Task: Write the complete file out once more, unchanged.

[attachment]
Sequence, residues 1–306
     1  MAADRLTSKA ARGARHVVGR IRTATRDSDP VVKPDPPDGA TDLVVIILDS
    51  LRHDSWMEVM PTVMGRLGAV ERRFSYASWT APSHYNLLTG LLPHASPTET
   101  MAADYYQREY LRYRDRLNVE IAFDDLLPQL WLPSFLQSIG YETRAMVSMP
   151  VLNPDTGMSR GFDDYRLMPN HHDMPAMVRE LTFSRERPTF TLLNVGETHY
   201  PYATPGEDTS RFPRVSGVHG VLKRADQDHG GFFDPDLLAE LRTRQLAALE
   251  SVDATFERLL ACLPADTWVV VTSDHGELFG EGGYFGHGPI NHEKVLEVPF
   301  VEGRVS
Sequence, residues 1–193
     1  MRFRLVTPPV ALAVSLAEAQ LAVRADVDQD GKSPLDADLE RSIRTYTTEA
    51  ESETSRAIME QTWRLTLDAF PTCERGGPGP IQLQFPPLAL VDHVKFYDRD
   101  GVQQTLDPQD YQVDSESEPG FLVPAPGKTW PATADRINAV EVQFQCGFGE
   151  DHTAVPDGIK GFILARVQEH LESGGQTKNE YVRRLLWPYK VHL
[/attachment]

Sequence, residues 1–306
     1  MAADRLTSKA ARGARHVVGR IRTATRDSDP VVKPDPPDGA TDLVVIILDS
    51  LRHDSWMEVM PTVMGRLGAV ERRFSYASWT APSHYNLLTG LLPHASPTET
   101  MAADYYQREY LRYRDRLNVE IAFDDLLPQL WLPSFLQSIG YETRAMVSMP
   151  VLNPDTGMSR GFDDYRLMPN HHDMPAMVRE LTFSRERPTF TLLNVGETHY
   201  PYATPGEDTS RFPRVSGVHG VLKRADQDHG GFFDPDLLAE LRTRQLAALE
   251  SVDATFERLL ACLPADTWVV VTSDHGELFG EGGYFGHGPI NHEKVLEVPF
   301  VEGRVS
Sequence, residues 1–193
     1  MRFRLVTPPV ALAVSLAEAQ LAVRADVDQD GKSPLDADLE RSIRTYTTEA
    51  ESETSRAIME QTWRLTLDAF PTCERGGPGP IQLQFPPLAL VDHVKFYDRD
   101  GVQQTLDPQD YQVDSESEPG FLVPAPGKTW PATADRINAV EVQFQCGFGE
   151  DHTAVPDGIK GFILARVQEH LESGGQTKNE YVRRLLWPYK VHL